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Uncle Vanya

David Ganly as the eponymous Uncle Vanya. Photo: Anthony Robling David Ganly as the eponymous Uncle Vanya. Photo: Anthony Robling

The tapping of the watchman’s stick sounds like a metronome throughout Mark Rosenblatt’s gently melancholy production of Chekhov’s play, marking out the minutes until death.

That makes it sound bleaker than it is. Samuel Adamson’s adaptation has a lot of warmth and humour, though it’s not quite as playful and raucous as Mike Poulton’s lively adaptation for the Print Room a couple of years back or as overtly modernised as Anya Reiss’ recent iPad-laden take at the St James Theatre. But Adamson has previously adapted Three Sisters and The Cherry Orchard, and he’s clearly at home with the play’s rhythms, while Rosenblatt’s production is visually very striking.

Designer Dick Bird has filled the huge Quarry Theatre space with a forest of telegraph poles, slim as winter trees and coolly lit by Sinead McKenna, along with an array of faded garden furniture and a neglected tea urn. In later scenes, a worn red carpet and a series of large windows enhance this sense of isolation and gradual decline.

David Ganly’s poignant Vanya is slightly schlubby and resigned to a life on the sidelines. Ryan Kiggell’s Astrov is a far more angular figure, though he lacks some of the doctor’s usual charisma, and without this it’s much harder to warm to the character.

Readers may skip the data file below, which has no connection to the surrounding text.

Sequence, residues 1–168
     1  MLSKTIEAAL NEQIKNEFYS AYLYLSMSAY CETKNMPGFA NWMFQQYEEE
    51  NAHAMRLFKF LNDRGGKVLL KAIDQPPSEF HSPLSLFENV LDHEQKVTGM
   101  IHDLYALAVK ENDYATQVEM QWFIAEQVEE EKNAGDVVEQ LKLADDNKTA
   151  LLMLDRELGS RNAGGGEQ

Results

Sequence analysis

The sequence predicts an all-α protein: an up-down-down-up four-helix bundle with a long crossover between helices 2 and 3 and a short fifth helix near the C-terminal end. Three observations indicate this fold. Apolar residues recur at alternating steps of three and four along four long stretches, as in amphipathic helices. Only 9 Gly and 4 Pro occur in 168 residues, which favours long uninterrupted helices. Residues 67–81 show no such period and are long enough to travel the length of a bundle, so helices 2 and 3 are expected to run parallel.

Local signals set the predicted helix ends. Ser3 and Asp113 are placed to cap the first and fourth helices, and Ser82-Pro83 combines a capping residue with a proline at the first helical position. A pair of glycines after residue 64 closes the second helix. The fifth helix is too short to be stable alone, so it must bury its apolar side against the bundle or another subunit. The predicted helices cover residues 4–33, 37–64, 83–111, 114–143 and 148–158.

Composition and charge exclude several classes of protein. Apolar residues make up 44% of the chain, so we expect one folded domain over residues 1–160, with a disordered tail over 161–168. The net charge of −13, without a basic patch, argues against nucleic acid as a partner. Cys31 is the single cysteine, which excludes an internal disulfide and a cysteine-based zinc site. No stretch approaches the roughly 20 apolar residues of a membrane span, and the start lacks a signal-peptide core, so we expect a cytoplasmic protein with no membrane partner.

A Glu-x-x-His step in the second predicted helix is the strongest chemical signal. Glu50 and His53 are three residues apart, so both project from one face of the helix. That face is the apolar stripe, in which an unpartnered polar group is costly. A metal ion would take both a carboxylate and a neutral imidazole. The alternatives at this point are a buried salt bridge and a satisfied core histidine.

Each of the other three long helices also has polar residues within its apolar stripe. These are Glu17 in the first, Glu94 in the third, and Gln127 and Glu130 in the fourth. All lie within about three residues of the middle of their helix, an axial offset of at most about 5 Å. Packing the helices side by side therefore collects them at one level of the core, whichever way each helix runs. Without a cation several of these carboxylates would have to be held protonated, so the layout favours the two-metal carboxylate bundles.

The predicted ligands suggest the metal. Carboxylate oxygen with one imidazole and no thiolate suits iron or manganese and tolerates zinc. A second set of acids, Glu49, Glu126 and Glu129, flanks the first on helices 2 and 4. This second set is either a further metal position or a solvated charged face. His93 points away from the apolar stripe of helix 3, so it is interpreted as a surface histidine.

It’s the women who leave the deepest impression here. Georgina Rylance’s Jelena is elegant and poised, much given to vocalising her misery and clearly ill at ease in the countryside, but not aloof, not aggressively chilly in her manner. There’s a softness to her.

Dorothea Myer-Bennett, as the desperately yearning Sonya, perennially clad in shapeless dresses and dungarees, gives a similarly rounded performance. That wonderful moment when these two share a drink together, when they finally find a patch of common ground – even if it is their mutual unhappiness – and giddily contemplate filling the house with music, is very nicely handled.

But the production takes a while to get there. The opening scenes feel rather subdued, a little marooned. This is in part a result of the sheer size of the venue: while there have been attempts to address the issues of staging Chekhov in a space of this nature, they’re not always successful. Subtleties of expression get lost, some of the performances feel broader than others, and the passages of direct address to the audience feel jarring. But gradually the mood of the play builds and the scenes of parting, those endless, aching Chekhovian farewells, have a real power. Rosenblatt makes you feel the characters’ absence, their gone-ness, and its impact on those who remain.

It’s not the boldest take on the play. It’s not a boat-rocker and lacks the intimate energy of Lucy Bailey’s brilliant Print Room production. But when it hits its stride, it’s atmospheric, tender and capably staged.

Dates: February 28-March 21, PN March 4

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Atmospheric production of Chekhov takes a while to warm up